2. One of our enduring traditions is we open presents on Christmas Eve. In theory, the tradition allows us to focus on the true meaning of Christmas on Christmas Day. Heck, we had no problem opening presents a day early.

    When we were kids, we could choose only 1 present to open. The rest were saved for Christmas Day to be enjoyed with the presents from Santa. I think the family just wanted to get equal billing with Santa, 🙂

    • Paula Hendrickson

      We did Christmas Eve and Christmas Day. Christmas Eve was at Grandma’s. Soup, sandwiches and Swedish foods like korv (disgusting boiled sausage), bond ost (cheese, preferably the one without caraway seeds), limpa bread (without the fruit), lingonberries and polkagrisar (airy peppermint candies). We always assumed the soup was homemade, then one year Grandma asked if Dad could pick up a couple quarts of soup she’d ordered from her favorite restaurant. Sure, she doctored it up, but Grandma had all of us fooled for a long time.

      Christmas Day, after the Santa gifts and stockings, we’d have the extended family over, including a couple of Mom and Dad’s friends who didn’t have other family in town. Always a house full!

  3. Love your beautiful heirloom tree and the stories behind some of the ornaments.

    • Paula Hendrickson

      Thanks, Charlyne. One thing is clear from Grandma’s old ornaments: someone really liked magenta. There are at least 8 ornaments that either magenta or have magenta in them. Luckily, I like magenta!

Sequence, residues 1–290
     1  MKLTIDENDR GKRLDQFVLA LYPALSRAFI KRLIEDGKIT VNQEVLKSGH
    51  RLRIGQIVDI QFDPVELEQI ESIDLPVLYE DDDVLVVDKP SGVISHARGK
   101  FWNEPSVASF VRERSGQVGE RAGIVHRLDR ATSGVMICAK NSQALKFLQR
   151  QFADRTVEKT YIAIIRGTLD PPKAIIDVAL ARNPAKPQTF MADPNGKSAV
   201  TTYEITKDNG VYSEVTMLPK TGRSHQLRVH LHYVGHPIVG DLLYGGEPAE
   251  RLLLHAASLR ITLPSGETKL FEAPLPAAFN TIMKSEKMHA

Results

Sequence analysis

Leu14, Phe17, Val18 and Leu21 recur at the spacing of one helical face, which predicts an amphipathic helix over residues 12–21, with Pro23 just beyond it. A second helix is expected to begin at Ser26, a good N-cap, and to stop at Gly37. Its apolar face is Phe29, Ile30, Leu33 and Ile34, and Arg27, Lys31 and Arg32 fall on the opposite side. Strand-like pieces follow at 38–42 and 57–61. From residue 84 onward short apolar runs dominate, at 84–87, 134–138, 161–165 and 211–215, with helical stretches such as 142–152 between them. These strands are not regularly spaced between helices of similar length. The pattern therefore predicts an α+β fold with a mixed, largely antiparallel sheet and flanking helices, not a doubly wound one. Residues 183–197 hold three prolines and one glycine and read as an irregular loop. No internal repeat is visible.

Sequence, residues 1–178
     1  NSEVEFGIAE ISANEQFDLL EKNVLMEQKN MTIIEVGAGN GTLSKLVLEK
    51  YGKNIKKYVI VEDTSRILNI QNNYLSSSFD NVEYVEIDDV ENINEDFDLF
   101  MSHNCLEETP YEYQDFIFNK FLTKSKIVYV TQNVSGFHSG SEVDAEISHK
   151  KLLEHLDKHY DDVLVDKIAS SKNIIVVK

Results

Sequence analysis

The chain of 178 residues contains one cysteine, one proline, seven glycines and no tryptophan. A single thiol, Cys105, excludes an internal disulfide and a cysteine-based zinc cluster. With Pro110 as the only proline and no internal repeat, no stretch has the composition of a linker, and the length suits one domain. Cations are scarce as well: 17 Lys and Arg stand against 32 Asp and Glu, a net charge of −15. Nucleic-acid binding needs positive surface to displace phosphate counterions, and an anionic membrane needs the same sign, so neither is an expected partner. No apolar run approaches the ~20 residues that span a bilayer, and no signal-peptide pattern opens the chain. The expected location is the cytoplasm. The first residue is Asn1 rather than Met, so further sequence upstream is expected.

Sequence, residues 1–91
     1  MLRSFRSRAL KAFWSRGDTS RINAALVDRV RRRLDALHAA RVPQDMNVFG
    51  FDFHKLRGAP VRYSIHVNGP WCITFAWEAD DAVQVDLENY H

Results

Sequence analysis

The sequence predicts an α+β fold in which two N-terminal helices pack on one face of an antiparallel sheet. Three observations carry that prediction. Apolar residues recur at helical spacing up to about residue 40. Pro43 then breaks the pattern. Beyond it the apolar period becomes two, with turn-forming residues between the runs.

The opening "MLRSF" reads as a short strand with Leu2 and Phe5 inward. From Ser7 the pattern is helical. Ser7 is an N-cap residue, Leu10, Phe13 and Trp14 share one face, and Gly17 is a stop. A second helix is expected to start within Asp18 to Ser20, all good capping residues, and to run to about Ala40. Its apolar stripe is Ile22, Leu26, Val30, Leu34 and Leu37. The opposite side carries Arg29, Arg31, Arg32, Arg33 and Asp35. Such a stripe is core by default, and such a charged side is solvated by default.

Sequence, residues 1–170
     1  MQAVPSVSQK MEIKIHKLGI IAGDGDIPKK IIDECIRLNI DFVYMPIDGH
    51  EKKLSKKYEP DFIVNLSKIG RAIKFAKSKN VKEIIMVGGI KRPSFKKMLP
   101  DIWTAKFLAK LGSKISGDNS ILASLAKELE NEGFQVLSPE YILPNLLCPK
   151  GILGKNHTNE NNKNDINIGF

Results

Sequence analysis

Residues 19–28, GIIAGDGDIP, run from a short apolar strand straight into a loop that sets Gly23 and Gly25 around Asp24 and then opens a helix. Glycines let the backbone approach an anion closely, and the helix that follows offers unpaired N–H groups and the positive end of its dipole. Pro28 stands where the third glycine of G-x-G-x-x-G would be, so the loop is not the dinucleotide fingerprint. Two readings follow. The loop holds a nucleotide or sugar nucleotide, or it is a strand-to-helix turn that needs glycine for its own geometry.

4. Paula – thanks for the sweet story! Your tree is beautiful.

    • Thanks, Bonnie. It’s fake, but pretty!

      Here’s a question for a hot-weather dweller like you: are “snow flocked” trees big sellers in Arizona?

      • I have never seen a flocked tree in anyone’s house here. There is one usually on each Chistmas tree lot. We do tend to like to decorate our cacti — saguaro’s with santa hats and lights and wrapping the ocotillo’s with net lights — quite pretty actually! Hey – you do with what you’ve got, right?

      • Paula Hendrickson

        Santa cacti! That’s so cool!

  5. My uncle e-mailed me a note after seeing this post:

    “I remember the log fence well. It was originally displayed under the tree on a corner triangular platform about 6 or 7 inches off the floor with large heavy duty poster board murals on each side. The good old days – there are home movies over 70 years old that, as I recall, show the zig/zag fence.”

    • Here is a quick screen capture of one of those old home movies!
      Christmas Tree, circa 1940

      • Paula Hendrickson

        Thanks, Tadson. That is so cool! Aren’t you glad Grandpa Bussey took so many old movies? Especially since we never got to meet him.

        After your dad said he didn’t recognize Santa, Brice said it was because our dad made it. All this years I was crediting the wrong family member!

  6. Beautiful tree and ornaments, Paula! It seems Making if From Scratch is hereditary in your family!!! Lovely to have so many artistic people in the family! As for the elves, it was the first time for me to hear about them in the house! But your story of one elf for each kid to report on how they behaved during the year makes a lot of sense! Happy Holidays!

    • Paula Hendrickson

      We do have a lot of creative, crafty people on both sides of our family tree!

      What are some Christmas traditions you grew up with in Brazil? Have you been able to continue any of those since moving to Japan?